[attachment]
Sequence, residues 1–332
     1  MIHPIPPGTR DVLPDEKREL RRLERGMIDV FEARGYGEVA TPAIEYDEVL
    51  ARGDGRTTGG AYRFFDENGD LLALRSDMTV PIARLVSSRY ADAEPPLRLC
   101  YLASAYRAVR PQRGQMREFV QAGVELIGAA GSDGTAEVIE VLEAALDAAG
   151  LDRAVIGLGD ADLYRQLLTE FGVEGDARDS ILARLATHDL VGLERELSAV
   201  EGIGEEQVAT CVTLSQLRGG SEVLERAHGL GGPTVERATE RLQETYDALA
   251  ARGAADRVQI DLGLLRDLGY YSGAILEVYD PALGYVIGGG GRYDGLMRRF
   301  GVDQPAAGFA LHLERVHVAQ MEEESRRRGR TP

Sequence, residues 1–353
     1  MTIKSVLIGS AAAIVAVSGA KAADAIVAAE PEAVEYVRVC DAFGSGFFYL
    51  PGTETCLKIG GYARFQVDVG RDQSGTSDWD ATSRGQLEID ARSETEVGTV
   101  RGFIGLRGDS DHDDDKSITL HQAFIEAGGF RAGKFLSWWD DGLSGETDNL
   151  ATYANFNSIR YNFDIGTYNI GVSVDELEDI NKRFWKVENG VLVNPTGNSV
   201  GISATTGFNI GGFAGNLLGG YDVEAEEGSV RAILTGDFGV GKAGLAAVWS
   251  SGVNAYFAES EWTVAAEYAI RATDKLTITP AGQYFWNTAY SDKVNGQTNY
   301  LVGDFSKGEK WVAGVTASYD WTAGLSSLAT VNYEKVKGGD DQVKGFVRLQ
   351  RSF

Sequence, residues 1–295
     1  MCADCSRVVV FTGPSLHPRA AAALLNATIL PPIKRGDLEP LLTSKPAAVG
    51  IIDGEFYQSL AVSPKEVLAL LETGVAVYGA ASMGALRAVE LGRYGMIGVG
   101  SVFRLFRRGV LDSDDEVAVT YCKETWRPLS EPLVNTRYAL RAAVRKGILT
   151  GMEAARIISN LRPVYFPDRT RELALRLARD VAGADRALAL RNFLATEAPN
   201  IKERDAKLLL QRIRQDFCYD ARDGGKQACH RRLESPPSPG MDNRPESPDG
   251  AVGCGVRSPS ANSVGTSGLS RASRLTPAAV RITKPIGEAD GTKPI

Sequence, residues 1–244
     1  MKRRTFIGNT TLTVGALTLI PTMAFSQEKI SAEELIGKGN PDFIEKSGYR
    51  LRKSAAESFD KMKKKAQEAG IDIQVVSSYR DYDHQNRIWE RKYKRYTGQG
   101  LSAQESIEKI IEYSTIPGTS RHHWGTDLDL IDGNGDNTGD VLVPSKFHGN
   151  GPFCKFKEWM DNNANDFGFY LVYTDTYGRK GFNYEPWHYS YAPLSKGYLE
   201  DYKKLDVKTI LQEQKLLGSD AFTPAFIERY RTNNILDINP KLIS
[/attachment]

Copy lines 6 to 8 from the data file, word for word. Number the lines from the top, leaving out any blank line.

   201  EGIGEEQVAT CVTLSQLRGG SEVLERAHGL GGPTVERATE RLQETYDALA
   251  ARGAADRVQI DLGLLRDLGY YSGAILEVYD PALGYVIGGG GRYDGLMRRF
   301  GVDQPAAGFA LHLERVHVAQ MEEESRRRGR TP